Relyence User Guide
Getting Started with Relyence Fault Tree

Getting Started with Relyence Fault Tree

If you would like to review a video overview of this Getting Started Guide, go to our online videos for Relyence Fault Tree

1. Sign in to Relyence

To begin, make sure you are signed in to Relyence. For details on signing in, see Signing in and Signing out

You must have a Relyence account to sign in to Relyence. If you do not yet have a Relyence account, you can register for one for free.

You may possibly see the Announcements dialog when first signing into Relyence. The Announcements automatically scroll, or you can review them using the previous and next arrow keys. For any Announcements you do not wish to see again, select the Don't show me this again checkbox. Once you have reviewed all the Announcements, click the 'x' (Close) button in the upper right corner of the Announcements dialog.

Note that there are two Relyence Fault Tree Products: Relyence Fault Tree and Relyence Fault Tree Lite. Relyence Fault Tree Lite is a simplified version Relyence Fault Tree that contains the same graphical front end for creating your fault tree diagrams but performs a subset of the full Relyence Fault Tree calculations. Fault Tree Lite includes the ability to calculate Cut Sets and the Unavailability at the final time point to support a more qualitative FTA. If you are not using a trial version of Relyence Fault Tree, this tutorial assumes you are using a licensed version of Relyence Fault Tree. You can use a licensed version of Relyence Fault Tree Lite for this tutorial; however, some variations or limitations will be seen, most notably in calculations.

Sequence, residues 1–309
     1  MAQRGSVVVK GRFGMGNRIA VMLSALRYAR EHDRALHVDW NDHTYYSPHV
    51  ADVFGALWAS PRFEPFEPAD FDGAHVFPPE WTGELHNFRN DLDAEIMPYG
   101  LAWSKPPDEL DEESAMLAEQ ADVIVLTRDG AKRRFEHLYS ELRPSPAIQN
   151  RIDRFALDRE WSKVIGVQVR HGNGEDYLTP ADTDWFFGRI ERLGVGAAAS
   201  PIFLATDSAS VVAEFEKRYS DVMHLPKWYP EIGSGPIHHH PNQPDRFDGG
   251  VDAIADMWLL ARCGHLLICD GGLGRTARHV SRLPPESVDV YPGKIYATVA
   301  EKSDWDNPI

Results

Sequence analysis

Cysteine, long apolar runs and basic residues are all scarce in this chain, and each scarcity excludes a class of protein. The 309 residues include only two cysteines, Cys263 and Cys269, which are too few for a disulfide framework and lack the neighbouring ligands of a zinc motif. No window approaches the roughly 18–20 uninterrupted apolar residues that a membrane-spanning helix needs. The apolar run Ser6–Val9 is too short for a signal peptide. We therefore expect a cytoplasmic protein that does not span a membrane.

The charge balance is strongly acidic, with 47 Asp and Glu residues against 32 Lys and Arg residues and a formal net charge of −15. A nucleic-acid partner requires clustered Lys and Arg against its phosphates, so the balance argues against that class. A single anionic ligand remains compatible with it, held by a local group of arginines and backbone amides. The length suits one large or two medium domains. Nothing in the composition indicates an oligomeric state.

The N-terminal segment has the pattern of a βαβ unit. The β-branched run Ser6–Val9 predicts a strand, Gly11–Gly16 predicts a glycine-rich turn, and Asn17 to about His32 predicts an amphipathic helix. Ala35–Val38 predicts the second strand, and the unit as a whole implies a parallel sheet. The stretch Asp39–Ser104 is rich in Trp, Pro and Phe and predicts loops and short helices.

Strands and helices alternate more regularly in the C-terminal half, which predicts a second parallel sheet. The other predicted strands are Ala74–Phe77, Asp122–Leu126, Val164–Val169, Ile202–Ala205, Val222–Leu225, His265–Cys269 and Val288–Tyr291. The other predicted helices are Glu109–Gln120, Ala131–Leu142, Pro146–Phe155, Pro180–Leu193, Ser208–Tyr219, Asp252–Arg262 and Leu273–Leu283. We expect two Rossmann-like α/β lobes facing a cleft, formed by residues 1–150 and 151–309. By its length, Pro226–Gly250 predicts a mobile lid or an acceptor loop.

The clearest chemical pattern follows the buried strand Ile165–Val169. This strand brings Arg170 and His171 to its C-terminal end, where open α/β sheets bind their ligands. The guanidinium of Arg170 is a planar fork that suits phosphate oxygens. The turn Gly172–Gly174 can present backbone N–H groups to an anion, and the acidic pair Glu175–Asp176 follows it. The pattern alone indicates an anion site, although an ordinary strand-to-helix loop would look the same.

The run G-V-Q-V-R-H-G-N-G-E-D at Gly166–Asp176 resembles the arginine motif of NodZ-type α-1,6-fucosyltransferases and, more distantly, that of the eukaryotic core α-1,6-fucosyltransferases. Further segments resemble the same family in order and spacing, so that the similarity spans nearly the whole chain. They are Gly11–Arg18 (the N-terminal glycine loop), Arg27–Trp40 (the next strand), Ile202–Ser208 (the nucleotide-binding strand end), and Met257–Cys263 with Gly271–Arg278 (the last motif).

2. Open the Example Analysis

First, let's make sure Relyence Fault Tree is active.

After you have signed in, you may see a Welcome dialog. If a Welcome dialog does not appear, click Welcome to Relyence from the Help dropdown menu in the upper right of the Relyence header bar.

If you were previously working on an Analysis, you will see the Continue Where I Left Off option at the top of this dialog, otherwise it will not appear. If you are using a Trial version, the Show this page when Relyence opens option will not appear. This option is only available using a licensed version of Relyence.

Click the Fault Tree tab on the left to activate Relyence Fault Tree. Then click Open Example Analysis

For this tutorial, we will use the Drone Example supplied with Relyence Fault Tree.

When you open an Example for the first time, you will see the Revert Example pop up appear. You are free to make changes and save your changes to the Example Analyses. If you want to revert to the original Example at any time, click Revert Example. You will get a message asking if you are sure before your changes are discarded. Click Got it! to dismiss the pop up.

For this tutorial, we assume an unmodified original Example is being used. If you are not sure if you are using an unmodified version of the Example, click Revert Example from the Sidebar. You will be asked if you want to lose your changes and reopen the Example in its original version. Click Yes.

If you continue with a modified version, just be aware that screen shots or other functions may not operate exactly as described in this tutorial.

When complete, your Drone Example with its data will appear in the main window.

3. Review the Fault Tree Diagram, All Trees, and Properties panes